Interfax/VTsIOM: Russians differ on work of independent monitors at elections
MOSCOW. Sept 15 (Interfax) – A relative majority of Russians (43%) believe that the presence of independent monitors at polling stations makes elections more fair, the All-Russian Public Opinion Research Center (VTsIOM) said.
Over one-third of the respondents (34%) believe monitors’ participation does not influence the fairness of elections in any way and eight percent believe their presence only worsens the situation. Fifteen percent of the respondents were undecided.
Among the reasons why people go to work as independent monitors, 30% of the respondents mentioned a wish to earn money and 19% mentioned a wish to get justice and ensure fair elections.
Six percent of the respondents believe that people go to work as independent monitors to manifest their active civil position. Three percent of the respondents said people are made to work at polling stations and another three percent said they pursue their own interests. Two percent of the respondents see mistrust of elections commissions as a reason to become an independent monitor and one percent said people may choose to do it because they have nothing to do. Forty-one percent of the respondents were undecided.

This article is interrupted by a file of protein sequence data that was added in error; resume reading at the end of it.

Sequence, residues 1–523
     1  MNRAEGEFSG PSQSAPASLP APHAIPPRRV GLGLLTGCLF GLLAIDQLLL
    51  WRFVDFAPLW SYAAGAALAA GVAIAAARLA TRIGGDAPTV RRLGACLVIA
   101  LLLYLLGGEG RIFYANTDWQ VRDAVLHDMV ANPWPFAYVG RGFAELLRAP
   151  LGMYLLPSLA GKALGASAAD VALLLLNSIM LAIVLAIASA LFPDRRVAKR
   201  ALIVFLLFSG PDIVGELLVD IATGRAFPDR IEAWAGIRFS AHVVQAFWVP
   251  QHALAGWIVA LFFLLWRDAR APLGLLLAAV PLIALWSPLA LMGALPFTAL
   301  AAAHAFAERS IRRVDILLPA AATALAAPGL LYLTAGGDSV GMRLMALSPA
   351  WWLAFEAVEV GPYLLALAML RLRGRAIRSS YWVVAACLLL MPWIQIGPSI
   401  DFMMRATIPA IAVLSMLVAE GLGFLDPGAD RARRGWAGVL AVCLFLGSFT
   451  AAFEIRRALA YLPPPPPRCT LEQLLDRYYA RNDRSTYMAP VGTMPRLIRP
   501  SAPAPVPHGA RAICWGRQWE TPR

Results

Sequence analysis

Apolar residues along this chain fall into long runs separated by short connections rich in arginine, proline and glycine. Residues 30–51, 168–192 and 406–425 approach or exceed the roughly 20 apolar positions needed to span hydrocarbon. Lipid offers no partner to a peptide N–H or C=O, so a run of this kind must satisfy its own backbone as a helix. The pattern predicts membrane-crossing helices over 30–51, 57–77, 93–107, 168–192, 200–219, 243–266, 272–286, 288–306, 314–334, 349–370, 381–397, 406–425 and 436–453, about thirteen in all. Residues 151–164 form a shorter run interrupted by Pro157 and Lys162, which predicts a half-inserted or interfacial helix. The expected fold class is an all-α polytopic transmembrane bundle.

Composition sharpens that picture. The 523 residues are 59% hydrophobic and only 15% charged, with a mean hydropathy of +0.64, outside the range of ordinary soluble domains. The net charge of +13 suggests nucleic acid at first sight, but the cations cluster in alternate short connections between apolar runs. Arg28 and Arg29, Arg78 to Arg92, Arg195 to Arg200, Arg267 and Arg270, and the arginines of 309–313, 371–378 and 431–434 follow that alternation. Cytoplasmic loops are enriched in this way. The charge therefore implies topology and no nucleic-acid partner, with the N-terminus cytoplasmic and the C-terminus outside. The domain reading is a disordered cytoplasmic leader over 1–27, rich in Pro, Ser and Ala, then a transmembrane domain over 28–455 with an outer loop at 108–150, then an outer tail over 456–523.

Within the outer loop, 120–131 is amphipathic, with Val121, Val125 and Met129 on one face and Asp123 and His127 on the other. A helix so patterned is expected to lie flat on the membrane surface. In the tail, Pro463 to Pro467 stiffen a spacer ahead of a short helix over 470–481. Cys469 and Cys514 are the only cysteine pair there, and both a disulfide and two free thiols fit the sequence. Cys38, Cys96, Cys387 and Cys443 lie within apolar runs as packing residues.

Only 18% of the respondents said they are ready to become independent election monitors. Eight percent of the respondents said they would agree to become independent monitors of their work was supported by the state and society. A majority of the respondents (70%) gave a negative answer and four percent were undecided.
Six percent of the respondents said they had worked as independent monitors in elections in the past five years. It is a four percent point increase from a similar poll conducted in 2012 (two percent).
The poll was conducted on August 20-21. It surveys 1,600 people living in 130 populated areas in 46 regions of the country and nine federal districts.
[featured image is file photo]